The Origins of the Secret Service – by Kristy McCaffrey

Counterfeiting was a serious issue at the end of the Civil War. Nearly one-third of all currency in circulation was fake. In 1865 the Secret Service was established to deal with this issue, acting as a bureau in the Treasury Department to stabilize America’s financial system. They were the first domestic intelligence and counterintelligence agency in the United States.


During this time, America’s monetary system was very disorganized. Individual banks could legally generate their own currency, but with so much variation in circulation it was easy to counterfeit money.

The first agency chief was William Wood, who was widely known for his heroism in the Civil War. During his first year in charge, he was successful in closing more than 200 counterfeiting plants.

In addition to investigating paper money forgeries, the agency also monitored groups committing fraud, which included the Ku Klux Klan, mail robbers, smugglers, and bootleggers. The United States Marshals Service didn’t have the manpower to investigate all crimes under federal jurisdiction, so the Secret Service also handled bank robberies, illegal gambling, and murders.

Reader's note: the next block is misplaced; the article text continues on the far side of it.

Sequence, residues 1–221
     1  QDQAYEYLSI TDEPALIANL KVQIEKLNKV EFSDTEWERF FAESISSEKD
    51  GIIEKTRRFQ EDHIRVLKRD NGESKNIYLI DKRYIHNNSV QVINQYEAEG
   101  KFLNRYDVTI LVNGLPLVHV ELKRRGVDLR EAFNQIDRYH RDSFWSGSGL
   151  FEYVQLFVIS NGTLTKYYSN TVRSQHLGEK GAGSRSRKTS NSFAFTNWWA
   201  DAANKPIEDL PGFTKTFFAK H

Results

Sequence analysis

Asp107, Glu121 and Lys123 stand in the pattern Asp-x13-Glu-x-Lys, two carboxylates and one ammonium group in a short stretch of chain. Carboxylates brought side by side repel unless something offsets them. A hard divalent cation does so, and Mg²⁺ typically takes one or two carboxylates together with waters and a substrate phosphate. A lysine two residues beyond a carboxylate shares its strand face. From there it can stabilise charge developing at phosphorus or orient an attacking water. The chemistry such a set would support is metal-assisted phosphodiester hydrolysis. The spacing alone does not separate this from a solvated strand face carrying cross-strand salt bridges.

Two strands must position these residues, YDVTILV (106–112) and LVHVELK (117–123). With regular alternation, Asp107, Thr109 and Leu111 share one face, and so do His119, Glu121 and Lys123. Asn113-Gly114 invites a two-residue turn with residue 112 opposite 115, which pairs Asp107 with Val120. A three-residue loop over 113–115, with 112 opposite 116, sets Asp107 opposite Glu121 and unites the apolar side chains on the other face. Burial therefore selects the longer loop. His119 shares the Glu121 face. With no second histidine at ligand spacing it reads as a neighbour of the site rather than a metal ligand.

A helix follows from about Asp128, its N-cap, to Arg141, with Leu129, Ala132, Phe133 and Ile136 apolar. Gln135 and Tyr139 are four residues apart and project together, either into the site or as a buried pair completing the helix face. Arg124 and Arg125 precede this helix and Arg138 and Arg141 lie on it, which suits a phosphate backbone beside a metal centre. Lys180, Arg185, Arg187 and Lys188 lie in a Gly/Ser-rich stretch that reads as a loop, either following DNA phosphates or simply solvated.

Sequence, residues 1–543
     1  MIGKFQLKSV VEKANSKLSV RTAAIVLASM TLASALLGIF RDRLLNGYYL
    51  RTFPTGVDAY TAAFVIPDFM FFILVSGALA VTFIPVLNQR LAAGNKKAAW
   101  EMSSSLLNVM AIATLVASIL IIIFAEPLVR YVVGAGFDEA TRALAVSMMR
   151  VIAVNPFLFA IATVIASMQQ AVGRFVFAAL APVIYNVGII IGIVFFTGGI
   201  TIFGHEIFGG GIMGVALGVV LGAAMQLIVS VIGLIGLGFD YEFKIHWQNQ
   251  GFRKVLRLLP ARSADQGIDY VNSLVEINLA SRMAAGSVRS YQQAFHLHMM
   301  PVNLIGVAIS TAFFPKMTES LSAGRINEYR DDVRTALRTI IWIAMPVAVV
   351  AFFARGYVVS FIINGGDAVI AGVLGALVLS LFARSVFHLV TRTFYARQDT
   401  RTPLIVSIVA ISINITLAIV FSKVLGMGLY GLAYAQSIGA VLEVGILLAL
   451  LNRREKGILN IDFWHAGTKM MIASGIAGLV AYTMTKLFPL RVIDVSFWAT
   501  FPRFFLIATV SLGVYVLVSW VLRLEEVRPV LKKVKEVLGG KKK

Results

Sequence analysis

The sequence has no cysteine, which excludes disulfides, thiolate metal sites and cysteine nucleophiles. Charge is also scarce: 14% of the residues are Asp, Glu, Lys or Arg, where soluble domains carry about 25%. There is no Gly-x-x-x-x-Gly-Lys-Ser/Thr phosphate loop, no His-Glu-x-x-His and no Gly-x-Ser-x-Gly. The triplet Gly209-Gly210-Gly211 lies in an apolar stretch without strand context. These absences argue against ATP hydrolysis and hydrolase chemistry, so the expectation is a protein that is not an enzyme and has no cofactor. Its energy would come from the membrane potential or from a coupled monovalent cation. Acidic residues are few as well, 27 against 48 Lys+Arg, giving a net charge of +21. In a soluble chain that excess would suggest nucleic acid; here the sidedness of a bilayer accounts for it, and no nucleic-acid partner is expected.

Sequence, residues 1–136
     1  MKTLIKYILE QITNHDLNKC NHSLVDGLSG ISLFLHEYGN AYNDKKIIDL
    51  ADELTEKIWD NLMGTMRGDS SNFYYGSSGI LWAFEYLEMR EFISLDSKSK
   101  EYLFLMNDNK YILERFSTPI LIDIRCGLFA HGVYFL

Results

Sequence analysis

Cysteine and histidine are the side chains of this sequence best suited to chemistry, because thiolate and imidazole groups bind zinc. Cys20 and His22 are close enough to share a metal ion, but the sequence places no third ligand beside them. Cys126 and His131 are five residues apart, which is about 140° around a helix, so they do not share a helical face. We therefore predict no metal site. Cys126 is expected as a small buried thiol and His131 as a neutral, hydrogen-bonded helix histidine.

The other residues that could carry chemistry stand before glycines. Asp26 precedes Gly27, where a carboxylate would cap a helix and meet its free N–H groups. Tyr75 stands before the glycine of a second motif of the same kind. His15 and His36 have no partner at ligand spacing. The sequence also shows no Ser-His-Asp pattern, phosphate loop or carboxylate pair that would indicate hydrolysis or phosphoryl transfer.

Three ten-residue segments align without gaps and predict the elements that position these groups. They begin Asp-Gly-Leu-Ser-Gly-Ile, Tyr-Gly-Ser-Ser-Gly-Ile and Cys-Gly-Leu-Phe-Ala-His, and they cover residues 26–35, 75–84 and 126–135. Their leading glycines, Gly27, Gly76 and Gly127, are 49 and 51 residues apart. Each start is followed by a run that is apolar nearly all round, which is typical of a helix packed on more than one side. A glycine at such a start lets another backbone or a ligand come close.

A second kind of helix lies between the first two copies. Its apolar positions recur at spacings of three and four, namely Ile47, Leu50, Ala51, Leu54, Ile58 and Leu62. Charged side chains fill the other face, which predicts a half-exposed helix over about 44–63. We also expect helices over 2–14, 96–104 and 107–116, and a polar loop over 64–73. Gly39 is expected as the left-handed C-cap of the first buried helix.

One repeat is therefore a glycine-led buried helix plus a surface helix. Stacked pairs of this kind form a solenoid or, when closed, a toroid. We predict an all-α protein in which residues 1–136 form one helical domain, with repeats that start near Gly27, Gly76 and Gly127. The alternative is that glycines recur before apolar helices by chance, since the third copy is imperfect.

President Abraham Lincoln established the Secret Service on April 14, 1865, the same day he was assassinated, after which Congress considered adding presidential protection to the duties of the Secret Service. But it would be another 36 years before the Secret Service was officially put in charge of protecting the president. In 1894, they began informally protecting President Grover Cleveland. In 1901, the agency took over full-time protection of the president after the assassination of President William McKinley. In 1908, the Federal Bureau of Investigation (FBI) was created and took over intelligence responsibilities from the Secret Service.

In my new release, THE STARLING, Pinkerton Detective Henry Maguire is investigating a possible counterfeiting scheme in the household of wealthy entrepreneur Arthur Wingate. Partnering with new agent Kate Ryan and posing as a married couple, they uncover more than Henry planned when information regarding his deceased father, Hugh Maguire, a Secret Service agent, comes to light.

Colorado 1899

Kate Ryan has always had a streak of justice in her. When she decides to apply to the Pinkerton Detective Agency, nothing will stand in her way. Initially hired in a clerical position, she quickly works her way up to field agent with the help of her mentor, Louise Foster. When Louise is injured, Kate gets her first assignment and the opportunity of a lifetime.